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E. Contract Labor, Commissions and Fees, and Returns and Allowances Petitioner relies on numerous checks in the record to various individuals to substantiate expense deductions for contract labor, commissions and fees, and returns and allowances. Further, petitioner has provided Forms 1099-MISC issued to Garcia and Asis for 2006 from Betty Ong Real Estate and to Ceron and Marasigan for 2006 from BAO Home Care.

With respect to Garcia, in addition to the Form 1099-MISC for 2006, the broker-agent agreement indicates that as of March 29, 2005, Garcia provided brokerage services on behalf of petitioner. The broker-agent agreement required Garcia to maintain a real estate license in California, work exclusively for petitioner, and entitled her to 70% of broker's fees for her participation in a listing. Petitioner's books and records include a copy of Garcia's driver's license, Social Security card, and birth certificate. Petitioner has established the existence of a working relationship between herself and Garcia. Additionally, petitioner has presented two checks made payable to Garcia in 2006 as proof of payment, one for $4,960 and the other for $18,930. Therefore, petitioner is entitled to a deduction of $23,890 for contract labor paid to Garcia in 2006.

Petitioner testified that Asis was one of her employees, and respondent conceded that petitioner is entitled to a deduction for $900 paid to Asis on behalf of BAO Home Care in 2009. However, the Form 1099-MISC issued to Asis in 2006 was from Betty Ong Real Estate. Asis did not testify at trial, and petitioner has not provided any information to describe the type of work Asis performed on behalf of her businesses. Therefore, although respondent has conceded that a working relationship existed between petitioner and Asis with respect to BAO Home Care in 2009, we have no reliable proof of such a relationship in 2006 with respect to Betty Ong Real Estate.

Similarly, petitioner has not provided any additional evidence that Ceron and Marasigan performed work for her during the years at issue or had any connection with her businesses. The memo lines in the checks payable to Ceron and Marasigan make vague references to dates and addresses, but absent any corroborative evidence do little to prove a working relationship. Neither Ceron nor Marasigan testified at trial, and petitioner did not provide a description of their work performed or proof that they included the amounts received from her in their income. This lack of evidence is equally applicable to each of the other payees listed in petitioner's checks where she has not presented a Form 1099-MISC. Therefore, petitioner has failed to establish a business purpose for these expenses, and we sustain respondent's determinations with respect to all contract labor expenses, commissions and fees, and returns and allowances outside of the $23,890 paid to Garcia in 2006.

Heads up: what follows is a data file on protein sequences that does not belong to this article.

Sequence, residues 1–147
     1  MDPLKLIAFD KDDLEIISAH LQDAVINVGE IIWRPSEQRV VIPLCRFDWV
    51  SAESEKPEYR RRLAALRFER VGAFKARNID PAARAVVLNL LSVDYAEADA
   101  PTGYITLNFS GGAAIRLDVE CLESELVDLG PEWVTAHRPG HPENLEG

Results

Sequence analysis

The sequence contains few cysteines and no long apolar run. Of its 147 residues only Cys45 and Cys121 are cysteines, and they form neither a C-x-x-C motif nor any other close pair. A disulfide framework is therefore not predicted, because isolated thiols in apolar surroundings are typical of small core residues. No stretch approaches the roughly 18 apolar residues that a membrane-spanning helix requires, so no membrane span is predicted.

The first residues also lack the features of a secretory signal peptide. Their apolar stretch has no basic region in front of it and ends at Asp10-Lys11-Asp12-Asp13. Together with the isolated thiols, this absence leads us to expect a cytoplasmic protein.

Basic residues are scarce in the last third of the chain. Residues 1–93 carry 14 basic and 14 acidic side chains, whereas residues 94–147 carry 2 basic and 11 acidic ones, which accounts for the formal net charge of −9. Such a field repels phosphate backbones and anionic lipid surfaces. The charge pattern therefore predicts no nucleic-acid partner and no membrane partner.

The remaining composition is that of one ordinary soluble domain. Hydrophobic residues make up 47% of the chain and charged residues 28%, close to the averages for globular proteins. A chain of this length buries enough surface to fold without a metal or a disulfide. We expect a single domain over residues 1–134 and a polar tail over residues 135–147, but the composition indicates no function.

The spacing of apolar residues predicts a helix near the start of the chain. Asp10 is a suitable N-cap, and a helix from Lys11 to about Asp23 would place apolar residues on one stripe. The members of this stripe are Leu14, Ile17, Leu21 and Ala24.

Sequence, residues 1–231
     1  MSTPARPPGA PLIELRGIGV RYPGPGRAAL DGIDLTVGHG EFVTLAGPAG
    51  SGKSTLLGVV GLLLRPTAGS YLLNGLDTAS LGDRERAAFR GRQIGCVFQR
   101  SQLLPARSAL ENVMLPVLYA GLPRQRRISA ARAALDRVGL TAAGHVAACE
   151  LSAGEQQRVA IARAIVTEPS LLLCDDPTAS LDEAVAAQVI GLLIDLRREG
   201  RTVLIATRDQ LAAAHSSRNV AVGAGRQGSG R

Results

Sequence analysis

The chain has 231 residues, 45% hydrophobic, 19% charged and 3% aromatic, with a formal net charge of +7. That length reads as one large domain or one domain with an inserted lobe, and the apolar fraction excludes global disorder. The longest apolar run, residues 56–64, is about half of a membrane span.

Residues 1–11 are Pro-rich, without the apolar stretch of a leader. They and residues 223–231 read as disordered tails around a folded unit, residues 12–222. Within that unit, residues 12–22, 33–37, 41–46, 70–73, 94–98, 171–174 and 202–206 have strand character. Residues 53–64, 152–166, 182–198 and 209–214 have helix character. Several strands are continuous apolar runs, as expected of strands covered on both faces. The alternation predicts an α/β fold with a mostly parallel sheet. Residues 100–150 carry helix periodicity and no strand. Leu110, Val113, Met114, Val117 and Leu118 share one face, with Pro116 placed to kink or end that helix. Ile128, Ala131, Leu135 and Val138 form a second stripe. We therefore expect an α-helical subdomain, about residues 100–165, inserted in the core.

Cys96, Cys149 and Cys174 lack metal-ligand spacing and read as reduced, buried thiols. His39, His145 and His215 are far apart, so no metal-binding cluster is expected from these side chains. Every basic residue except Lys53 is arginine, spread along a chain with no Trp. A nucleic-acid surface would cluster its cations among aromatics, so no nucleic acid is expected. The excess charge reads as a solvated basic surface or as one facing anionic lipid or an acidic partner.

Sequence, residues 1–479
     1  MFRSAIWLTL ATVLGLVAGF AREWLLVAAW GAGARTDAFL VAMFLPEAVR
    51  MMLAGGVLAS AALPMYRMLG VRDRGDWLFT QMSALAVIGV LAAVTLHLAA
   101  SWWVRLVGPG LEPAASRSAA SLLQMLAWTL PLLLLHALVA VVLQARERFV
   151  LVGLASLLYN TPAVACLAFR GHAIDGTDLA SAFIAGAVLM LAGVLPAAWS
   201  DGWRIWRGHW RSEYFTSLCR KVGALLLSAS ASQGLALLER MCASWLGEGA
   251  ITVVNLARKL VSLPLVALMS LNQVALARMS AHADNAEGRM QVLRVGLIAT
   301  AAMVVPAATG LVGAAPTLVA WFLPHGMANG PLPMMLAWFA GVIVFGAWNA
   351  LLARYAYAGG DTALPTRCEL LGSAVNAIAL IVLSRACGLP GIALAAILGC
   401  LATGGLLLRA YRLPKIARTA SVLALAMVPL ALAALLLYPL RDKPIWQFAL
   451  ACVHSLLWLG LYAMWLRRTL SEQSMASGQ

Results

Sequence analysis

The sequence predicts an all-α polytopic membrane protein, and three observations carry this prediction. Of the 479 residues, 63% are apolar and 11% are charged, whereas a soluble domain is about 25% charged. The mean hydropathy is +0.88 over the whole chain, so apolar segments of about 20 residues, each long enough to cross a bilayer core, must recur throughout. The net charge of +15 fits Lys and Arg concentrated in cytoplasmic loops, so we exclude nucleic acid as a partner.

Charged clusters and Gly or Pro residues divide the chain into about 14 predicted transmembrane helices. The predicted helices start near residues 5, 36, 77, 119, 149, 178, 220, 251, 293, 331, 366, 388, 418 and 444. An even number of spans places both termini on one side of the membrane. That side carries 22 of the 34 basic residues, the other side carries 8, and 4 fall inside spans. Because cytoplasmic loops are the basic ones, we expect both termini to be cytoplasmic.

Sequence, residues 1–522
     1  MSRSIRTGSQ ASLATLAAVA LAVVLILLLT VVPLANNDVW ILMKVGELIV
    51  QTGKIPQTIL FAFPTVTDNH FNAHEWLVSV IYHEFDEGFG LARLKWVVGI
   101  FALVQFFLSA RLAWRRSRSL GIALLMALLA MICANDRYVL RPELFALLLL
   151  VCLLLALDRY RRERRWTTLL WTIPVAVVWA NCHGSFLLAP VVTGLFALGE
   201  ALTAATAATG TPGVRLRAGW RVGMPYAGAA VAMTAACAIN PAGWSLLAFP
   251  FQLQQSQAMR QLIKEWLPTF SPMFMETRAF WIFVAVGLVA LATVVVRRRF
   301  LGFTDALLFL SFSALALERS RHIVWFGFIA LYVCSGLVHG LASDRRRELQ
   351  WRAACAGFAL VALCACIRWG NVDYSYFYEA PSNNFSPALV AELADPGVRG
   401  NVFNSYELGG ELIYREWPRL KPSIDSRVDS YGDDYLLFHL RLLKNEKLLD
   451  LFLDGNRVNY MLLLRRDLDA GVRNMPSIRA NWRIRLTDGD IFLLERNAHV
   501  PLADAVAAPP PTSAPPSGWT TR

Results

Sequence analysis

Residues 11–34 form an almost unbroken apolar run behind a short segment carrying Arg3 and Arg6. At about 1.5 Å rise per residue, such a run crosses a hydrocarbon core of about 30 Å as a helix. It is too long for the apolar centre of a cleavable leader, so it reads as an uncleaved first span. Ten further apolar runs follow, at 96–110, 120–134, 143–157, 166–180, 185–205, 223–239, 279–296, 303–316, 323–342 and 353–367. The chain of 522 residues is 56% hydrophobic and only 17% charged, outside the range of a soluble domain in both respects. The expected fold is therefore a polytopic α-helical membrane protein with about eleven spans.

F. Taxes and Licenses

Respondent has conceded deductions for taxes and licenses of $165 for 2007 and licenses of $737 for 2008 in connection with Betty Ong Real Estate. Without any further explanation, petitioner relies on checks to the department of motor vehicles, Fire Insurance Exchange, and American General Finance to substantiate her additional deductions for taxes and licenses. Petitioner has failed to explain the purpose of these expenses. Further, petitioner has failed to provide proof of a tax due or license acquired. We therefore sustain respondent's determinations with respect to taxes and licenses.

G. Legal and Professional Fees

Petitioner claimed legal and professional fee deductions for amounts paid to her gardener, her cleaning lady, and repair workers on the Lassik house. As discussed above, petitioner has failed to satisfy the requirements of section 280A with respect to all expenses in connection with the Lassik house. Petitioner has also presented several checks for what she claims to be legal work but has not presented any evidence of the type of legal or professional work conducted. We therefore sustain respondent's determinations with respect to legal and professional fees.

H. Business Phones, Web Site, Education, and Dues and Membership Fees

Respondent allowed many of petitioner's claimed deductions for business phone expenses, Web site expenses, education expenses, and dues and membership fees. Petitioner has not presented any evidence outside of checks and her own self-serving testimony to establish a business purpose for her disallowed deductions. See Tokarski v. Commissioner, 87 T.C. at 77. We therefore sustain respondent's determination with respect to business phone expenses, Web site expenses, education expenses, and dues and membership fees.

I. Business Promotions, Advertising, Supplies, Miscellaneous, Other Expenses, and Any Remaining Expenses